By Alex Bean
Like nearly every upcoming graduate I panicked when my final few months of university were approaching and I had not yet decided what I wanted to do, either after University or with my entire life. Surrounded by students who were in the same sinking boat as me and others who knew exactly what they wanted to do, I felt the pressure not only from my own conscious, but from the careers centre who sent newsletters about jobs. every. single. day.
As the months passed, and I handed in my last assignment – the dreaded 8500-word dissertation, I still found myself stuck at what I should do. It seemed that all the graduate jobs that initially interested me were thousands of miles away or you needed 10 years’ experience (which would make me 11).
One day I opened my university email to find yet another career centre newsletter, except this time something sparked my interest ‘Assistant Curator of Communications and Events’ at Hanicke Robins Sanderson. I remember thinking ‘oooooooooo that sounds like a fancy title’ and it was quite close to where I live. Reading the requirements and the roles description, I took a plunge and applied. While this company is based around PR, marketing and organising events particularly in recycling and energy, I was still intrigued, even if I knew nothing about it. About a month or so later I got an email asking to meet for interview. I went, had a second interview and a month and half later, here I am writing this blog post.
My first day was extremely nerve racking, not only did I not get any sleep, but I didn’t know what to expect. Walking into an office for your first ever post-graduate role is never going to be easy, but it was quite a chilled atmosphere. I settled into my little desk (with my own little laptop that is also a touchscreen-both practical and frustrating) and waited for instructions. Paul Sanderson, the curator of us and events of Hanicke Robins Sanderson, made me a fabulous cup of tea and told me to write a small press release. Being a History and English Language graduate I thought I had it under control, but I did not. I started misspelling words, using incorrect punctuation and overall just worrying that I was doing my entire job wrong already. However, this is the most important thing I have learnt over the past few days, you can always improve and learn.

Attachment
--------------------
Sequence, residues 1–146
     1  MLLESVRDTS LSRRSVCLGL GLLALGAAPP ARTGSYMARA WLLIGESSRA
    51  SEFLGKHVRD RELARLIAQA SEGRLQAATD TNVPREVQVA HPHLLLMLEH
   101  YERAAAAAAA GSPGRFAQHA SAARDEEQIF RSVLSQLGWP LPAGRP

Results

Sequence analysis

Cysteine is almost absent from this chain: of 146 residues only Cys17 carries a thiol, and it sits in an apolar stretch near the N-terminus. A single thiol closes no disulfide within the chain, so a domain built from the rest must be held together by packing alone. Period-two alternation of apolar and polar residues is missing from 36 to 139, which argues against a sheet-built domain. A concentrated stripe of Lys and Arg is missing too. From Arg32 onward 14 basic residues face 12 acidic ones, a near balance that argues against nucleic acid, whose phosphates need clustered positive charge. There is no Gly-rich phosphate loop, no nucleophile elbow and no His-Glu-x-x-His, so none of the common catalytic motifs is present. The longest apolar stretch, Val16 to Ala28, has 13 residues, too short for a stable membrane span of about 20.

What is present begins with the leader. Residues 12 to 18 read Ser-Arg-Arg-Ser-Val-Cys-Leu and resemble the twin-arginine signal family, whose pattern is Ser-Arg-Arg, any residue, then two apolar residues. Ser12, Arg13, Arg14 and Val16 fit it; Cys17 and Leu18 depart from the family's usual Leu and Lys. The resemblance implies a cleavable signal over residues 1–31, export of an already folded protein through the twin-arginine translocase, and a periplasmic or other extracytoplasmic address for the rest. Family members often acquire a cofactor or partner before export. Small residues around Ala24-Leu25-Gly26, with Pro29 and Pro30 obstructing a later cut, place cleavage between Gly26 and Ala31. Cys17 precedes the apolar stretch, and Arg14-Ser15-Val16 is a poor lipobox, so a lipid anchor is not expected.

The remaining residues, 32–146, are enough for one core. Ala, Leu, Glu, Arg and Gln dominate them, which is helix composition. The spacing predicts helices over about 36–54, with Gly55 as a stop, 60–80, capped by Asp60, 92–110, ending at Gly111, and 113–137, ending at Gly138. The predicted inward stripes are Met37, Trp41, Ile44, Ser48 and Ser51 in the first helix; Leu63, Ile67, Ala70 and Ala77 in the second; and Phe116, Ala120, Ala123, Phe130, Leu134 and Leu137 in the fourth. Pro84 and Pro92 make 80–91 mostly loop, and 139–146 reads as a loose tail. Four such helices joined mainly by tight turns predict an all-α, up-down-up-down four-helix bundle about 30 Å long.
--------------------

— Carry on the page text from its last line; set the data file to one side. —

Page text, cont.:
As the next couple of days went by I felt more comfortable in writing press releases, even if parts of it were still wrong. Getting into the role of the job more, I was told to come up with ideas of how to ‘create a buzz’ around Hanicke Robins Sanderson’s conferences using our social media accounts. While this has been the main priority of my role so far, I have also built a flatpack table, made Paul buy a new kettle because I’m fussy and redesigned the office multiple times in my head and shared my ideas (pictures coming soon). I also learnt that I will be attending events and interviewing clients about environmental issues which is extremely nerve racking, but the fact that I know nothing about environmental issues is equally terrifying. However, the thought of being able to learn from Adrienne and Paul and the clients we work with, and expanding my own knowledge and skills, will be rewarding.
Working life is always a scary thought, but so far, I am enjoying it, even if it is early days. I am grateful to this company for allowing me to expand my knowledge and life experiences without having to be 11 and know about rPET and CO2 carbon emissions.
Here’s hoping the next few months carry on this intrigue- keep posted for updates!
Assistant curator ‘of buzz’ and communications and events at Hanicke Robins Sanderson